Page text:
As priestesses, their main responsibilities were guarding the sacred flame in the temple, and retaining their virginity. They lived privileged lives and could expect a comfortable retirement, but for those who strayed, the punishment was extreme. Women who broke their vow of chastity were buried alive, although the authorities didn’t see it that way. The victim was imprisoned in an underground room with a small amount of food and then left to die “a natural death”.
The House of the Vestal Virgins was once a grand building with fifty rooms. Although little remains of the original structure, on a tour of the Roman Forum you can still see the statues of the Vestal Virgins in the courtyard and explore the ruins of the house, gaining access to the private world of the priestesses.
Just like the House of the Vestal Virgins, the Imperial Ramp was previously accessible only to the privileged few. Last year it was opened to the public for the first time in history, so even if you’ve been to the Forum before, you’ve probably never seen the Imperial Ramp.
Now you can walk in the footsteps of emperors such as Domitian and Augustus, who would have used the ramp as a private shortcut to their opulent palaces on the top of the Palatine. The passage was covered by a 30 foot high ceiling, allowing the emperors to ascend on horseback. Even on foot, it’s still an impressive sight, and there’s something almost surreal about climbing the ramp, knowing that the last time it was in frequent use was about 2,000 years ago.
Santa Maria Antiqua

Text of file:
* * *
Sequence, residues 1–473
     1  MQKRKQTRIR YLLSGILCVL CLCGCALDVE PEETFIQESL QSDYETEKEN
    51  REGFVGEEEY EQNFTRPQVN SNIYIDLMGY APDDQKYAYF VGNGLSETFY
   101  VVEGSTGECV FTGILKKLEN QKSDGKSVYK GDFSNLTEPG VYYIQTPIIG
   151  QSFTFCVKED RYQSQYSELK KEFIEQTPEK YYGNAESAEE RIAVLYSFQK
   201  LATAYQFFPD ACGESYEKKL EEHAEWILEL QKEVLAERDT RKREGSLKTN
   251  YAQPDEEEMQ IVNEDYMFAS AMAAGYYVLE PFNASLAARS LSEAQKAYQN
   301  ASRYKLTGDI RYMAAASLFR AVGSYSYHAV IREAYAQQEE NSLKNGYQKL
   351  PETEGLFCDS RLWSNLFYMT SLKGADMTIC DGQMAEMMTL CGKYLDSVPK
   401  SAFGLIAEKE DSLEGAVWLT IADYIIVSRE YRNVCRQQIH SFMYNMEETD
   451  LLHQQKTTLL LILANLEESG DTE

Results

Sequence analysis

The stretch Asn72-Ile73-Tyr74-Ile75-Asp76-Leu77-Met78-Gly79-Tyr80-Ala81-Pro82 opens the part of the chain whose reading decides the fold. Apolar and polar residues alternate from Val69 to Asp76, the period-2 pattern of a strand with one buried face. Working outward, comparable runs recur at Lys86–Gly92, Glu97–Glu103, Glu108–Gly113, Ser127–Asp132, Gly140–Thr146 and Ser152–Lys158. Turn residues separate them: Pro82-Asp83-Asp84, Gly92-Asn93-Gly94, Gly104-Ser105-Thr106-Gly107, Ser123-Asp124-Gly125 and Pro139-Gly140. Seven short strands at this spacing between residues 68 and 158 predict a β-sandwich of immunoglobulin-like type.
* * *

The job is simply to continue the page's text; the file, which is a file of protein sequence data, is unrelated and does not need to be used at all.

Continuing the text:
On your way up to the Palatine, look out for the 6th century church of Santa Maria Antiqua, one of the oldest surviving churches in Rome, which is decorated with Byzantine frescoes. It’s been described as “the Sistine Chapel of the Middle Ages” and is an interesting example of Rome’s multi-layered history, as it sits in the middle of the Roman ruins of the Forum.
The church was buried under rubble during an earthquake in the 9th century, and was not rediscovered until 1900. The paintings are in surprisingly good condition, having been protected by centuries of burial, and they were recently restored. Now that this unique church is finally open to the public, make sure you pay a visit on your tour of Rome.
The Stadium of Domitian
Not to be confused with the other stadium of Domitian (beneath Piazza Navona), this stadium on the Palatine Hill was once part of the vast complex of Domitian’s palace. The exact function of the stadium is still uncertain – it may have been a public hippodrome, or a private stadium for the emperor and his guests, or even a simple garden. Legend has it that Saint Sebastian was martyred here; he was tied to a column and killed with arrows on the orders of Diocletian.
Regardless of the stadium’s true function, these enormous ruins are some of the most impressive on the Palatine, giving a sense of the wealth and power of the emperors.
View of the Roman Forum from the Palatine
The best view of Rome? It might just be the view from the Palatine Hill. When you’re standing in the shady gardens of the Palatine, looking out across the city, you can understand why it was once the most desirable neighbourhood in Ancient Rome.
Emperors and aristocracy chose to build their luxurious villas here for numerous reasons, inspired by the hill’s legendary history (Romulus and Remus lived here) and attracted by the cooler temperatures. Another advantage was the spectacular views across the city, which can still be enjoyed today. The temples and courthouses of the Roman Forum may not be in the same condition as they were in Augustus’s day, but they’re still there, along with the columns and triumphal arches that stretch all the way to the Colosseum.
From the Palatine Hill you can see the Forum in its entirety, as well as the Colosseum, the Capitoline Hill, the Vittoriano, and countless churches. If you want to get a sense of the size and grandeur of Rome – both now and then – there’s no better place to be.